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18 October 2011

The Spirit of Brummels - and Rennie Ellis - endures.

Monash Gallery of Art are mounting a survey of the content and enduring influence of Brummels photography gallery (arguably Australia's first - the Australian Centre for Photography would open a year later, in 1973).

Brummels paved the way for the current wave of excellent commercial exhibiting spaces throughout Australia now showing photography as fine-art. The late Rennie Ellis (1940-2003), that compulsive diarist and charismatic observer of the Australian way of life, foresaw photography's coming prominence as a dynamic art form and founded Brummels, sited above a restaurant of the same name, in Toorak Road, South Yarra, Melbourne in 1972.

Ellis maintained that photography had long been neglected in Australia as a form of artistic expression and Brummels would, he said "continue a trend that is widely accepted in London, New York, San Francisco and Amsterdam where photography galleries had been popular for several years." Brummels, under Ellis and Assistant Director, fellow photographer Robert Ashton, quickly became a social arena in which many now legendary Australian photographers showed their work for the first time. The late Carol Jerrems appears at her exhibition at Brummels in 1975 (in a photograph taken by Ellis) as a stylish, confident young woman wearing a loosely tied blouse, black leather boots, frayed denim shorts - caught returning the photographer's gaze with her characteristic aura of opacity and charm.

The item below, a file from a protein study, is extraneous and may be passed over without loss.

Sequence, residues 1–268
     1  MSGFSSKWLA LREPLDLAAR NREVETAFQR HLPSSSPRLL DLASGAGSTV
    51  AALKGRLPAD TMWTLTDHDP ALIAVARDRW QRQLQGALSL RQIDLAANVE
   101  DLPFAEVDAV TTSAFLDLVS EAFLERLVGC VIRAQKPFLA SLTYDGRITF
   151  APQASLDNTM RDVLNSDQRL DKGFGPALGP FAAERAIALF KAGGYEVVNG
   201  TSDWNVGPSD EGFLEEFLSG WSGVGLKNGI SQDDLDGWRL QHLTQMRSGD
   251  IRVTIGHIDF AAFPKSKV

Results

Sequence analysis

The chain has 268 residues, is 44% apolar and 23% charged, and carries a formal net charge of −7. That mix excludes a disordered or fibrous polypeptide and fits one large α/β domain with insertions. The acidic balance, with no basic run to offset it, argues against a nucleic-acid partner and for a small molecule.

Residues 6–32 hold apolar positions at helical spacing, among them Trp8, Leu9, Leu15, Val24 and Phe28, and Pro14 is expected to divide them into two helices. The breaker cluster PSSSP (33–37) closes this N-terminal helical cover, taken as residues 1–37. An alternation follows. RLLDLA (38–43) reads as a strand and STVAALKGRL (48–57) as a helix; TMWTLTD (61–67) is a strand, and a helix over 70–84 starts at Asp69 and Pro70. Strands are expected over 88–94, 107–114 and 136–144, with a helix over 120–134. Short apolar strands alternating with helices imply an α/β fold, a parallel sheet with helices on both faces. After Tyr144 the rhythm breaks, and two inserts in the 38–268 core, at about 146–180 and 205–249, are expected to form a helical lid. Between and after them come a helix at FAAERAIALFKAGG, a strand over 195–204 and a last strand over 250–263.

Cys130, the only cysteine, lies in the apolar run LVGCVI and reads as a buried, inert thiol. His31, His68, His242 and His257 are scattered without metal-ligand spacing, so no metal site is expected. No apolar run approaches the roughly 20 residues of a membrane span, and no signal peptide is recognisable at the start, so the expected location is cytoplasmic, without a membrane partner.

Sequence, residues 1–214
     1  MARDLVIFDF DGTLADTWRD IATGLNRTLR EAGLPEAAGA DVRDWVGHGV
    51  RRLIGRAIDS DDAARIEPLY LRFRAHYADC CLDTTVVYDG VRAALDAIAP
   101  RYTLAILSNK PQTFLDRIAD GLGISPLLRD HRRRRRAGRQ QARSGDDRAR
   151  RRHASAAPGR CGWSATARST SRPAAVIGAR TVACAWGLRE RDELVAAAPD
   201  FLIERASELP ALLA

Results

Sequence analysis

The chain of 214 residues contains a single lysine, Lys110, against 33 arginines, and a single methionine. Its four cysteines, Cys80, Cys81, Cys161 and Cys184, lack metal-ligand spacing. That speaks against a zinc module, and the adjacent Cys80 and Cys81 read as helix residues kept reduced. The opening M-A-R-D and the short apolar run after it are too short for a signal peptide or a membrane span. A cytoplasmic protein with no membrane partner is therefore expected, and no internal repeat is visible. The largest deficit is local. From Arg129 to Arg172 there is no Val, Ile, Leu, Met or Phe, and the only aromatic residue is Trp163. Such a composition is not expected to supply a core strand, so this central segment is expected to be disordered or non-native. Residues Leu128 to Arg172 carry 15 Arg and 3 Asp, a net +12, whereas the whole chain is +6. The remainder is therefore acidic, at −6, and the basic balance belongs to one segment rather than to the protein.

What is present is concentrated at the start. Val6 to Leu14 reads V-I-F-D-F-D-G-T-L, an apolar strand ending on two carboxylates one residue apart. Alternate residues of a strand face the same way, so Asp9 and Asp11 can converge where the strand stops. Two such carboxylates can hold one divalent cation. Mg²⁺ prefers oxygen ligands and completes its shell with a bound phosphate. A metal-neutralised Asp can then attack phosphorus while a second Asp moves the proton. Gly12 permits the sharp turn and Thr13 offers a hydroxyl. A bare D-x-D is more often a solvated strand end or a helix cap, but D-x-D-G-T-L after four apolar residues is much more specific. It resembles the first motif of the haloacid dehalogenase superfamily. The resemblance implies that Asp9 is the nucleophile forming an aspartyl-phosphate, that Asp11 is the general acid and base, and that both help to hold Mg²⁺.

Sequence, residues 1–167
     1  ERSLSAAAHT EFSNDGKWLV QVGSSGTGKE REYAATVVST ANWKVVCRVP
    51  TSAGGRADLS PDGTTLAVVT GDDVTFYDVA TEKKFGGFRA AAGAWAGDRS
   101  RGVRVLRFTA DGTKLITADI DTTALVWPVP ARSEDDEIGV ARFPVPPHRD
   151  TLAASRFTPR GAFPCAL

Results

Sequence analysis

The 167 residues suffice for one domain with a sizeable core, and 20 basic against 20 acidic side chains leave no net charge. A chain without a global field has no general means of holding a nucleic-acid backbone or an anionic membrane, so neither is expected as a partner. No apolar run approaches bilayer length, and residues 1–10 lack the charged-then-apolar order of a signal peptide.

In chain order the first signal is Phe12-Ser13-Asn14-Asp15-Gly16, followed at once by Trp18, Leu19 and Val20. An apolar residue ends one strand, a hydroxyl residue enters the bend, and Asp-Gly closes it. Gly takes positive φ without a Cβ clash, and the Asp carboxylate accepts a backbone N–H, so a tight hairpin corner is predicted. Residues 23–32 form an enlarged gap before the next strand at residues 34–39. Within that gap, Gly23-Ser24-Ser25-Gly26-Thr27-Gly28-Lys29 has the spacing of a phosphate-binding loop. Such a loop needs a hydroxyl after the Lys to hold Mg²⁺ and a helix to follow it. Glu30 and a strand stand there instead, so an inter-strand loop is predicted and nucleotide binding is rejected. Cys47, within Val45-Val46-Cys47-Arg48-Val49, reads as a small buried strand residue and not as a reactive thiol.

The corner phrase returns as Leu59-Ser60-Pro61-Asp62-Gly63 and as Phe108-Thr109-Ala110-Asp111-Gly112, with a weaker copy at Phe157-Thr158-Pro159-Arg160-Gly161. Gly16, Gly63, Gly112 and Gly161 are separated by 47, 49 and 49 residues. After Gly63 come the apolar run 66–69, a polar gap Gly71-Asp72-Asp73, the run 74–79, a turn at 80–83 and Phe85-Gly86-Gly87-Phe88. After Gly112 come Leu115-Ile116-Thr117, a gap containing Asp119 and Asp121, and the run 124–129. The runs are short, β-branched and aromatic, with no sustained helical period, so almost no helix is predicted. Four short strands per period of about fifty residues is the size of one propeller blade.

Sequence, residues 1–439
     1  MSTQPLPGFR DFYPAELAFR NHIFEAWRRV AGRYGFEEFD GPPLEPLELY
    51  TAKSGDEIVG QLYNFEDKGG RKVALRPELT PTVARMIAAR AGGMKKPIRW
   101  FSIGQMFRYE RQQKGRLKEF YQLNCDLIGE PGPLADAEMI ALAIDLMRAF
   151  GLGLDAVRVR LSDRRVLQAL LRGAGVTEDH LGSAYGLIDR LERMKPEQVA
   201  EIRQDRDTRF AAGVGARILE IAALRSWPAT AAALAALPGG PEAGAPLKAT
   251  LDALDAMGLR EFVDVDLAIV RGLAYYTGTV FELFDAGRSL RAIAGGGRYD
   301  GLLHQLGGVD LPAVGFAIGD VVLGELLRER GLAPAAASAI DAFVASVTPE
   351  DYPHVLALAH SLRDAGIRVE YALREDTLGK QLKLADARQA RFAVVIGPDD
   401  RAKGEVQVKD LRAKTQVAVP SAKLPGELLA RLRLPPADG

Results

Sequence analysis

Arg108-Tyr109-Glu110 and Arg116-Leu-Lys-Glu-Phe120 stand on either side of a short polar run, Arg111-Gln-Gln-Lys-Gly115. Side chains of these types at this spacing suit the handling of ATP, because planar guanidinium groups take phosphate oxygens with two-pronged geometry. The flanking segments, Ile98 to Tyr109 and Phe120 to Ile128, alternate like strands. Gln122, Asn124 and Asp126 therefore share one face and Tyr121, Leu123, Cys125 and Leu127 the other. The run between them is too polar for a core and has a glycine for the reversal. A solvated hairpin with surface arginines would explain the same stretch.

Indeed Ellis's observations of Brummels at MGA capture the gallery's Seventies social ambience and suggest strongly  their exhibiting photographers took their work seriously, but not themselves. Ellis's eye for the bizarre captures three very diverse photographers - Jerrems, the late Athol Shmith and Rob Imhoff (wearing a set of clearly faux front teeth) locked in an awkward embrace at the gallery.

Brummels Gallery was eventually compelled to seek sponsorship from Pentax, becoming the Pentax Brummels Gallery before finally closing its doors in 1980. If you want to see ample visual evidence of a new wave of Australian photography that then included artists such as Jon Rhodes, Wesley Stacey, Sue Ford, George Gittoes, Ponch Hawkes, Ian Dodd with seminal works by other established figures such as David Moore (his "Landscape Nude 1" is pictured, above, left) and Henry Talbot, the comfortable drive to Monash Gallery of Art at Wheeler's Hill is a must. In an appropriate coincidence, noted film-maker and photographer  Paul Cox (who opened Brummels first show in 1972) will also open the MGA exhibition on October 22.  

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